Close New Zealanders 299 for 5 (Richardson 128*, Oram 59*; Munaf 3-64) v India A

Stephen Fleming: got off to a start, but failed to cash in © AFP

Munaf Patel gave a tantalising glimpse of what India's quick-bowling future may hold, but it was Mark Richardson who dominated proceedings on the opening day of the three-day tour match at Rajkot. Richardson's unbeaten 128 was a masterly effort, comprising intense concentration, booming drives, clever sweeps and stodgy defence. After Munaf had ripped out three New Zealanders in a quick burst after lunch to reduce them to 91 for 4, Richardson, ably supported by Craig McMillan and Jacob Oram - with an attractive half-century - wrested the initiative, meting out some severe punishment in the late afternoon.

India A's bowlers made little use of a green-stubbled pitch that also had appreciable bounce in the morning session. Munaf's burst gave them a glimmer, but Richardson shut the door in emphatic fashion after tea.

The New Zealanders had lunched at 61 for 1, with Murali Kartik having bowled Lou Vincent for 11 (32 for 1) early on in the piece. Both Rudra Pratap Singh and Munaf were erratic with the new ball, though Munaf was unfortunate when Vincent fended a snorter over slip for four.

On his first-class debut, Munaf struggled to find consistency with his open-chested action. But soon after lunch, he started to get it right. First to go was Stephen Fleming - not a bad maiden wicket to get - who couldn't bail out of a stroke in time and played on for 27 (78 for 2). Fleming had earlier smacked Kartik for a huge six over long-on and played some pleasing strokes off his pads.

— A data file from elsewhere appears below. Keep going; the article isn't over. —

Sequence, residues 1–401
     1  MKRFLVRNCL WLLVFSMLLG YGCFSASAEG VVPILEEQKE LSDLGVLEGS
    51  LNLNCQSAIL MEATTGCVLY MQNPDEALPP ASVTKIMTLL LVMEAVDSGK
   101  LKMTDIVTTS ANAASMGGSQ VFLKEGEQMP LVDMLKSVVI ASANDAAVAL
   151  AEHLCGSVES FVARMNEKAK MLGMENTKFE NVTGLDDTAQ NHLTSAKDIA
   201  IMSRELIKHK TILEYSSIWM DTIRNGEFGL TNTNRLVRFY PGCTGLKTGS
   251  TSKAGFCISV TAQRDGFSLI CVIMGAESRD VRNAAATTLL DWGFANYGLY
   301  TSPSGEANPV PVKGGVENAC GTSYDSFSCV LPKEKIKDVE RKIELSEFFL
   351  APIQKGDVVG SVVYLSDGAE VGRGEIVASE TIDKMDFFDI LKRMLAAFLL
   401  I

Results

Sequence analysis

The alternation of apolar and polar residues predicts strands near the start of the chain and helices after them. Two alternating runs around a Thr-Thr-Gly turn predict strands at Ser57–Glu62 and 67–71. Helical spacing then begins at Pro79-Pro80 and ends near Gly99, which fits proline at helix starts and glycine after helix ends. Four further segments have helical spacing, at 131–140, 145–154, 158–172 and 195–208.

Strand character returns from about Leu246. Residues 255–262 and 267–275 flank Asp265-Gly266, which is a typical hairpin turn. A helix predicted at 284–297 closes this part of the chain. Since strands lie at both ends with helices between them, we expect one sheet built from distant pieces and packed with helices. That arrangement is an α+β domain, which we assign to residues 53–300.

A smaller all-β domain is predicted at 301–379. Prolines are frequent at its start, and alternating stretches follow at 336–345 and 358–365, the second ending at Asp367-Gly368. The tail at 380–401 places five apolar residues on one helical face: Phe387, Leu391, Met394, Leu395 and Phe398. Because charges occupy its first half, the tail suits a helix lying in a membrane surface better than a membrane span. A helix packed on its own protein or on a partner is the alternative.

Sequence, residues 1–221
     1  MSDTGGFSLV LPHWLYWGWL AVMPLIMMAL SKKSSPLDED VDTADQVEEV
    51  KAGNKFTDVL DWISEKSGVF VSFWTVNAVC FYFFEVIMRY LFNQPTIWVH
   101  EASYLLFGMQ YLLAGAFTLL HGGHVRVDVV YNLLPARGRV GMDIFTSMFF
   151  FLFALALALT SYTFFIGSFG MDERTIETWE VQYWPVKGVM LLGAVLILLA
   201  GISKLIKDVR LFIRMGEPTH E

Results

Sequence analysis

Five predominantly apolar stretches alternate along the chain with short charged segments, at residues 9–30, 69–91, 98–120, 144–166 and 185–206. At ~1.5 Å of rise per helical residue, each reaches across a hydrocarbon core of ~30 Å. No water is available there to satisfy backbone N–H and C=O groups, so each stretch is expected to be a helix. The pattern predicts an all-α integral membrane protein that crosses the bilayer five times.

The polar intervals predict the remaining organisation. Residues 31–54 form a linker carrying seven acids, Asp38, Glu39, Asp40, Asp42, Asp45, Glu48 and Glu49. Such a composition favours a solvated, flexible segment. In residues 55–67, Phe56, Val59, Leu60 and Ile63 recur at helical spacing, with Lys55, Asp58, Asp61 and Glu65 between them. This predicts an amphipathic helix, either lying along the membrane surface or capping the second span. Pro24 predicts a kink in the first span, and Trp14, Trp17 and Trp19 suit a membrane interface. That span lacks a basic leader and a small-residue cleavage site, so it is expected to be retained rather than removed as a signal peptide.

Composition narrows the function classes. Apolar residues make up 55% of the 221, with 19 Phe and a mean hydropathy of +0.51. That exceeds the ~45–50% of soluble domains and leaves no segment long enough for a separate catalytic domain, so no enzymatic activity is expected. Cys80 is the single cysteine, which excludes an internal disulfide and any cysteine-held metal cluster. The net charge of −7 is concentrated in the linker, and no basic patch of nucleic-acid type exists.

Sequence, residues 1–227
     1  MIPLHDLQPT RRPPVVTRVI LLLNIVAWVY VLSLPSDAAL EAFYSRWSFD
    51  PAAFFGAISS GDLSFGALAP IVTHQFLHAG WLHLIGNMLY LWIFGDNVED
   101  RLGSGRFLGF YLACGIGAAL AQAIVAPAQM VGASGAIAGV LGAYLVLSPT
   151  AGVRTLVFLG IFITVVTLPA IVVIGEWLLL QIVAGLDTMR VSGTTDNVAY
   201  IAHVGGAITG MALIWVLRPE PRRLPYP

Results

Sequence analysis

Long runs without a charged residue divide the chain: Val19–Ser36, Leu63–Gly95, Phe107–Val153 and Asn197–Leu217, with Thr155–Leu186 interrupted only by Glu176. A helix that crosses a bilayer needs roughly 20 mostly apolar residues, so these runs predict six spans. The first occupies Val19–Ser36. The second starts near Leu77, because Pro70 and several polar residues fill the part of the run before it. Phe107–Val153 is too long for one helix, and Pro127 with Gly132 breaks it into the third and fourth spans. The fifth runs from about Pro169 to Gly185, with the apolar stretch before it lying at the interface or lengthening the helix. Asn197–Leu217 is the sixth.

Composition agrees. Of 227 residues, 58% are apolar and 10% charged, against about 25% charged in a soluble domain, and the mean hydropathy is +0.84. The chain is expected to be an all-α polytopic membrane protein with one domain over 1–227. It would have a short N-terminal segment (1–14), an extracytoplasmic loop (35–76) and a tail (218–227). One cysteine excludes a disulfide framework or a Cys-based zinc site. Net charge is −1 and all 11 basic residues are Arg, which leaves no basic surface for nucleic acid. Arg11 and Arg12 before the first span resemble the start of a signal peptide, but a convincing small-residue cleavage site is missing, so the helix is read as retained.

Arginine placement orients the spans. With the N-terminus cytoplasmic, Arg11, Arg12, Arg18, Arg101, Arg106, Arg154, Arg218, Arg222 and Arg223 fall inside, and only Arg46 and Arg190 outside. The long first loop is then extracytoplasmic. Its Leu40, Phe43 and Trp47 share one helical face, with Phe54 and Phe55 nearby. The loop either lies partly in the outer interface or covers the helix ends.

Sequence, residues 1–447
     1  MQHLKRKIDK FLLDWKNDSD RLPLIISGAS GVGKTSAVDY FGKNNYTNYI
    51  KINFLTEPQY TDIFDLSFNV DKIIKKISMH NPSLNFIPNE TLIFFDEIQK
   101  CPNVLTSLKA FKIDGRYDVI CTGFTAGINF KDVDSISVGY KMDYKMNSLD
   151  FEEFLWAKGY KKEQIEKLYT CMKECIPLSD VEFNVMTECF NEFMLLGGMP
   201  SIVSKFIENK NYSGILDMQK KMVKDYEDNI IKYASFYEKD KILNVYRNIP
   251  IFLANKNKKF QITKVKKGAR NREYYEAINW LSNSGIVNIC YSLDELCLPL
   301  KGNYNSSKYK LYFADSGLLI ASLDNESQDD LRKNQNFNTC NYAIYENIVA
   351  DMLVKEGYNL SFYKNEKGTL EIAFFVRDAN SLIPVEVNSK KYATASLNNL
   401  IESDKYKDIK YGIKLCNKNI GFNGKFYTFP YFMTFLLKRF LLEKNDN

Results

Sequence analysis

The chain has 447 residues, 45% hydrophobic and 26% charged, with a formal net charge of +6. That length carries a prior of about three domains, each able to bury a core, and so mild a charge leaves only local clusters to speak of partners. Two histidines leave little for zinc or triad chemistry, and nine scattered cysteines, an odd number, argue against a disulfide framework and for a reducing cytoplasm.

The cheers got even louder four overs later. The second wicket was a gift, as Scott Styris glanced a leg-side delivery fine, too close to Deep Dasgupta, who took a fine tumbling catch to his left (91 for 3).

Nathan Astle, always a poor starter, lasted one ball, adjudged leg before to a ball that struck him high on the pad. Suddenly, the miniscule crowd was buzzing, and though the hat-trick ball came to naught, India A were suddenly cracking the whip.

That dominance didn't last. Richardson was ruthless with any lapses in line and length, with Singh and Kartik singled out for especially harsh treatment.

Kartik struggled with his run-up all afternoon, bowling nine no-balls, and his attempts to flight his way to success only resulted in a succession of fours, down the track and off well-executed sweeps. As the day wore on, both Richardson and Oram came down the pitch without any trepidation and launched him straight back down the ground for huge sixes.

Singh too erred often with his line, and was easily picked off, while Sree Santh was pretty economical without ever threatening to run through the side. He did pick up McMillan just after tea, caught at second slip by Akash Chopra (180 for 5) before cramps forced him out of the attack.

The final session was all about showcasing Indian bowlers' traditional frailty against left-handed batsmen, and both Oram and Richardson took full toll as the New Zealanders finished much the stronger. A crashing off-drive from Oram off Singh in the final over of the day was symbolic of the manner in which India A's day went downhill after tea. The new ball made little impact and the inconsistent displays all round made one reassess all that recent hype about India's pace bowling resources.

On this evidence, opponents won't exactly be cowering in fear - certainly not those of the calibre of Richardson, who proved that his sterling batting on nightmarish pitches back home last December-January had no element of fluke about it.

Dileep Premachandran is assistant editor of Wisden Cricinfo in India.